However, after running a “Get-TransportAgent” on the server, the Transport Agent still showed as being “Enabled”. This demonstrates a point I frequently make with customers, that disabling Anti-Virus software rarely serves as a useful troubleshooting step (even file-based Anti-V). This is because the TransportAgent is typically still enabled. For file-based Anti-Virus, even with the Services disabled there is usually still a network filter driver that is sitting on the TCP/IP stack which could be causing issues (only an uninstall of the 3rd-party product removes it).

Bottom-line, an uninstall is still the best method to remove potentially problematic Anti-V/Anti-SPAM/Anti-Malware software. So in this case the issue was a bad/corrupted install of the product on that server.

Another scenario (also Exchange 2010) was where messages were stuck in the Submission Queue for extended periods of time. The Application Logs were filled with Event 1050 MSExchange Extensibility events which were stating the installed agent was taking an unusual amount of time to process an event; thus causing the delay in transport (Reference 1 2 3).

After running Get-TransportAgent I was actually greeted by an error message saying it was unable to access a file located in the “C:\Program Files\Microsoft\Exchange Server\V14\TransportRoles\agents” directory. This is where the files associated with your Transport Agents are stored. So again, the issue was a corrupted install of the product. Reinstalling the software resolved the issue.

So nothing fancy about this one. Just check Event Viewer for Transport events or use process of elimination if you’re experiencing any of the symptoms above. Having worked with Microsoft Support many times in the past, they will almost always ask you to remove third-party components such as Anti-V if they are unable to pinpoint the issue to its source; so save yourself some time & rule it out first.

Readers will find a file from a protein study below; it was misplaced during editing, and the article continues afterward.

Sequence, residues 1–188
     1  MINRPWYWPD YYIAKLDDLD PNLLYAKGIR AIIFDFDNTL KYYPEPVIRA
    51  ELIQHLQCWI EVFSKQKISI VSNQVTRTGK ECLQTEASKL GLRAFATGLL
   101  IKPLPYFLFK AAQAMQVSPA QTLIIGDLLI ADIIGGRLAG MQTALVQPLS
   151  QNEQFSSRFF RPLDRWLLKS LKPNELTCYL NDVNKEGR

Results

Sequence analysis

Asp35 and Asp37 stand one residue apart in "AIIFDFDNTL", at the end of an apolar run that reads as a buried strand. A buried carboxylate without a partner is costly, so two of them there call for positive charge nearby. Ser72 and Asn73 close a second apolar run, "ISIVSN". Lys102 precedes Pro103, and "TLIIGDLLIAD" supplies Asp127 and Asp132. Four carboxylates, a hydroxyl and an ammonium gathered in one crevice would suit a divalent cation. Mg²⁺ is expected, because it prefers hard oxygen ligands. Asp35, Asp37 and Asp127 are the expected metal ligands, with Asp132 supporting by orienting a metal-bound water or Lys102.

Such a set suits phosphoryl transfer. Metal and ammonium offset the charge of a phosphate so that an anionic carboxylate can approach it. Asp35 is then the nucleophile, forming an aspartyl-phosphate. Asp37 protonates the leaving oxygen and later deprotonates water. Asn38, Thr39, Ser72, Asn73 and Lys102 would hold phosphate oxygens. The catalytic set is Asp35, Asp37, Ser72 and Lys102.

I know some people work for companies where this is like pulling teeth but it’s always going to be a battle between usability & security. If your management requires you spend 40 hours on the phone working with a vendor or Microsoft before finally being told you’re going no further until removing the third-party component then I give you my best & suggest you get the coffee started. We all know the most important acronym in IT is CYA after all 😉

For great reading on Exchange Transport Agents see MCM/MCSM/MVP Brian Reid’s two posts on the topic

Creating a Simple Exchange Server Transport Agent

Exchange 2013 Transport Agents

ActiveSync Synching Folders but not Mail


Issue

One of our smaller customers running Exchange 2010 SP3 UR2 was having an issue with one particular mailbox being unable to download mail items via ActiveSync on any device. The odd thing was that the folder structure would come down but no mail items would be synched. The customer said it was working fine until about a week previously.

Troubleshooting

Looking through Event Viewer in the Application logs led me to the following events from “MSExchangeIS Mailbox Store”:
10030

A mismatch was detected between a view of a folder and the actual contents of the folder. The mismatched item was ignored.